No one really knows why, but the Oxford Dictionary of Idioms and Oxford Dictionary of Word Origins offer the suggestion that it is related to religious restrictions on activities on Sunday.
Many people seem to have taken hold of an often-repeated (on blogs, forums, and such) claim that this "literally" means either 7 weeks or 30 weeks. I can accept that some people use the expression that way, because, hey, it's an expression, but I'm at a loss to see how people are painting that as "literal", because literally a month is 28, 30, or 31 days and has 4 or 5 Sundays. "A month" isn't a generic container word for 30 of something, and "a Sunday" isn't a literal word for "a seven-day period".
Many of the answers seem to imply some dictionary authority for this as "literal". It's true that dictionary.com says the above, but it's pretty short with no explanation or references of its own. The Oxford Dictionary of Idioms says:
a month of Sundays a very long, seemingly endless period of time
This expression may be a reference to the traditionally slow passage of Sundays as a result of religious restrictions on activity or entertainment. In a letter written in 1849, G. E. Jewsbury talked of the absence of mail deliveries on Sundays, remarking: 'If I don't get a better letter from you ... you may pass "a month of Sundays" at breakfast without any letter from me'.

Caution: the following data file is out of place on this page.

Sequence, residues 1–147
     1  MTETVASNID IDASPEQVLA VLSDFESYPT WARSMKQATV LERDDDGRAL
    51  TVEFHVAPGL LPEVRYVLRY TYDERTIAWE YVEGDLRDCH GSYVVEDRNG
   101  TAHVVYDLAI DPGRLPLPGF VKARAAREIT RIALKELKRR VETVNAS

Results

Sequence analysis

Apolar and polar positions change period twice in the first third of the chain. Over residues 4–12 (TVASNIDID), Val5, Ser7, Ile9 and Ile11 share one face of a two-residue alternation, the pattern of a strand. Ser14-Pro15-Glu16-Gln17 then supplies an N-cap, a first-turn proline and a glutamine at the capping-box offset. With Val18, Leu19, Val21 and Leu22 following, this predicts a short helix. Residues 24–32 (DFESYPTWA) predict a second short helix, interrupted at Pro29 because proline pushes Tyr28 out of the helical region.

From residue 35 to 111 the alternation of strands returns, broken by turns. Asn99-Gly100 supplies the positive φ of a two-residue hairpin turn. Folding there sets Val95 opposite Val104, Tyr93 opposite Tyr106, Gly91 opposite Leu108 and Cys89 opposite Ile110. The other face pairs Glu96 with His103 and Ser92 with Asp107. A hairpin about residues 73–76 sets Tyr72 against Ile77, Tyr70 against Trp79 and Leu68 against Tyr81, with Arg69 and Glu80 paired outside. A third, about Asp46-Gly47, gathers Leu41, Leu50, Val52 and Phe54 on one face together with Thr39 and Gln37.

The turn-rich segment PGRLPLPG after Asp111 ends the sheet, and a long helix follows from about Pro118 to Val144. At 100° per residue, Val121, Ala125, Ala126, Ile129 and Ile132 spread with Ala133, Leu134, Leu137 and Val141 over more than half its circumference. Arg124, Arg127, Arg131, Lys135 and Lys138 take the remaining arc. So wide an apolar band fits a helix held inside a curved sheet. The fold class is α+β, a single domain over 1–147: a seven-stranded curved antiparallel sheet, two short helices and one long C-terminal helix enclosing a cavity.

Similarly, the Oxford Dictionary of Word Origins says:
Where Christianity was the dominant religion, restrictions on pleasure and activity meant that Sundays were quiet, private days. This may be behind the expression a month of Sundays, 'a very long, seemingly endless period of time'. The expression is known from 1836 in The Clockmaker by Thomas Chandler Haliburton: 'Mr. Slick ... told him all the little girls there would fall in love with him, for they didn't see such a beautiful face once in a month of Sundays.'
Neither of these try to stretch the phrase into some sort of arithmetical equation. The literal interpretation that makes sense of the words is "a month [comprised] of [only] Sundays" — which of course is also nonsensical, but at least it's actually literal. But of course, it's an idiom, so the literal meaning is only slightly helpful in the first place — the "why" is going to be in the figurative meaning, and for that it seems we can only guess.
The explaination the Oxford dictionaries offer, "Sundays are long and without activity, so a whole month of those feels like a lot", seems logical enough.